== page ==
PEP proposal for round(x,n) enhancement

Chris Barker chrishbarker at
Wed Sep 12 19:33:55 CEST 2001

Markus Schaber wrote:
> >(MATLAB had a chop() function that
> > did just this, though it must of been in a toolbox I don't currently
> > have, as I can't find it now)
> But - AFAIK - Matlab can do decimal calculations, while python is stuck
> to the clib's FP (usually IEEE those days) base-2 numbers which cannot

no, it doesn't. MATLAB used native FP as well. It is intended for heavy
numerical work, you simply can't get the performace required for that
without using native FP. 

> exactly represent such numbers. Just try
> >>> 1/5.
> 0.20000000000000001

The only differnce between Python and MATLAB here is that MATLAB doesn't
displya as many digits as Python, so you don't see that 1 on the end.

Besides it doesn't matter. There are a lot of issues with accuarcy with
floating point, but frankly, for scientific programing, the fact that it
is binary, rather than decimal, is a non-issue. Real numbers are
something different than either, whatever base you choose will be an
approximation. A significant-figures-round would actually help a lot.
For example:

x = 0
while x <> 1:
    x += .1

will never terminate, but:

while sig_fig_round(x,10) <> 1:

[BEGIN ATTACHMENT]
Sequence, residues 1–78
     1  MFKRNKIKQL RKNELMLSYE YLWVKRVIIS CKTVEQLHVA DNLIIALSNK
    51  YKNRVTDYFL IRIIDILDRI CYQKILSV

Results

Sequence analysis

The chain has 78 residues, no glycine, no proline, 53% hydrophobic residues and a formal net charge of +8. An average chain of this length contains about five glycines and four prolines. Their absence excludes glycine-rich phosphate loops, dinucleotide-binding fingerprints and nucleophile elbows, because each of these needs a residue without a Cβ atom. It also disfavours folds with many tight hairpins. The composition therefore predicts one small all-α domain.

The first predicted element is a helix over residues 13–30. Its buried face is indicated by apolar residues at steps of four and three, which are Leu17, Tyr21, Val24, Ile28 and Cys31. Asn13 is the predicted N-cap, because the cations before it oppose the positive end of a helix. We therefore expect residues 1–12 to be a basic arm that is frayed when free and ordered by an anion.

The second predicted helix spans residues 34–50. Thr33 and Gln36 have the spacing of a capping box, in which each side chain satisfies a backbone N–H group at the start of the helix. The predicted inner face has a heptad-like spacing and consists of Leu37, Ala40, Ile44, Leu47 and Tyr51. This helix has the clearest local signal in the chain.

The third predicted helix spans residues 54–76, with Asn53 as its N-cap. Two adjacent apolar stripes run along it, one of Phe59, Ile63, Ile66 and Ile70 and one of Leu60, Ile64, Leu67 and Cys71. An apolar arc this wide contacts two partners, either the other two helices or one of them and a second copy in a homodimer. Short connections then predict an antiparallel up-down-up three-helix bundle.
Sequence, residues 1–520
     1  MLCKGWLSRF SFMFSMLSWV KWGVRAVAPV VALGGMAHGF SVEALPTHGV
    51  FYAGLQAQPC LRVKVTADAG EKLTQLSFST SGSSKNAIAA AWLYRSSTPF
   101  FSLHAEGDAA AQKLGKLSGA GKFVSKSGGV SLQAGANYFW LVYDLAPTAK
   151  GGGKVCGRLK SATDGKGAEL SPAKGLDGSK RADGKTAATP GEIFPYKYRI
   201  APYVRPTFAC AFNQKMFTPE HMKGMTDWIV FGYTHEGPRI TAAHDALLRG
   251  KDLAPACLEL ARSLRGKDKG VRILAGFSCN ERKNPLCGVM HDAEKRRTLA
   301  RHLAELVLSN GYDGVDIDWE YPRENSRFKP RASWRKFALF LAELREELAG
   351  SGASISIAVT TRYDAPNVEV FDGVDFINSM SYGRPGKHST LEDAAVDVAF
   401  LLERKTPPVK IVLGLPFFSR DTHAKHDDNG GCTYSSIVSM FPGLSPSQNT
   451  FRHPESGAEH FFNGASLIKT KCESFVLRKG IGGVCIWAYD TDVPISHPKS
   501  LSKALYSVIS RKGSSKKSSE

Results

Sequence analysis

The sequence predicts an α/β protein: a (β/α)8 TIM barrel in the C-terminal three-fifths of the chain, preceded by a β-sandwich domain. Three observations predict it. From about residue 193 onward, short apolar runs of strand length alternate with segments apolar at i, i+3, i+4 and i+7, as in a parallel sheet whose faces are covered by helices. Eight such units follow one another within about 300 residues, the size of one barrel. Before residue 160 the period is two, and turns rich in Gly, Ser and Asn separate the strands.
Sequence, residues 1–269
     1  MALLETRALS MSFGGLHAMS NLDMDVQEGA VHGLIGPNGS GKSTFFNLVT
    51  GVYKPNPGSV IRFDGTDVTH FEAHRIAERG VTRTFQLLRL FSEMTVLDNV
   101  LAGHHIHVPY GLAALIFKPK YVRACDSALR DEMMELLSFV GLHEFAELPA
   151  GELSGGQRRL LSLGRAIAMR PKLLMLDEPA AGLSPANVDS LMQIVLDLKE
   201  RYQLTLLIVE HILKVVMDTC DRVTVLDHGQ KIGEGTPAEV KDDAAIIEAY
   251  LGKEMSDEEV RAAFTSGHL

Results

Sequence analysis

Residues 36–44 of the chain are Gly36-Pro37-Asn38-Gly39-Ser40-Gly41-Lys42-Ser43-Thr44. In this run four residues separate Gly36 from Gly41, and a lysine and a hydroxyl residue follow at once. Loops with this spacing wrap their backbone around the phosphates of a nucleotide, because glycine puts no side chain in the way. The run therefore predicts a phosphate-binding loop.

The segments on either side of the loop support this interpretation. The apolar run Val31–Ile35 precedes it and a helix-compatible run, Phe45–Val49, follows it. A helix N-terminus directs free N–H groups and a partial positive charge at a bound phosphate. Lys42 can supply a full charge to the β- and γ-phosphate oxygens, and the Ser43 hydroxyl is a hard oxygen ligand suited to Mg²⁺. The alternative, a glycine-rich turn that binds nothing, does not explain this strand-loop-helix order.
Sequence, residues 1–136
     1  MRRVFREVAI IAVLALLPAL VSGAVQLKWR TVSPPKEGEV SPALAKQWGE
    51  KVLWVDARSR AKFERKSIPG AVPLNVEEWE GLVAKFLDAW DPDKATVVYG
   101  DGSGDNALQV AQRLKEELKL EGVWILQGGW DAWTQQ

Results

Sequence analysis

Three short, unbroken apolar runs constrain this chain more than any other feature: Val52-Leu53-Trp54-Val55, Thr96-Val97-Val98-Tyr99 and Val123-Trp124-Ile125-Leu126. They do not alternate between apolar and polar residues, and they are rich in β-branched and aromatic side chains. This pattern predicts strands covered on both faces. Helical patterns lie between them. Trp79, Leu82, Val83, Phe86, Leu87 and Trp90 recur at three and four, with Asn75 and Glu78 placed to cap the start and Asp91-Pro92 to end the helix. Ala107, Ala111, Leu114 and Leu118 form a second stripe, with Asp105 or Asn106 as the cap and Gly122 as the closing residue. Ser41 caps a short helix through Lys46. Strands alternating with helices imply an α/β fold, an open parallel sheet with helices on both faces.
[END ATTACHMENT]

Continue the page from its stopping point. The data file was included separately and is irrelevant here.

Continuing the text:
x += .1

Would terminate just fine.

On 32 bit machines, a Python float carries enough bits to represent at
least 15 decimal significant figures. Your above example is only wrong
in the 17th digit: that's as good as you should expect a floating point
result to be, even if it was decimal.

The base issue really only causes problems with literals: people type in
1/5. and the expect to get exactly one-fifth. (they don't expect 1/3. to
give them exactly one third however). No one would be applying a sig fig
round to a literal, they would be applying it to the results of
calculations, and fp calculations are rarely accurate to the last digit

> Maybe we should think about fixed and floating point decimal numbers
> (using string or bcd internal representation) for inclusion in Python.
> Of course, this leads to complex decimals and even rationals composed
> of complex decimals, too :-)

Look at the PEPs, there are various versions of this in progress.


Christopher Barker,
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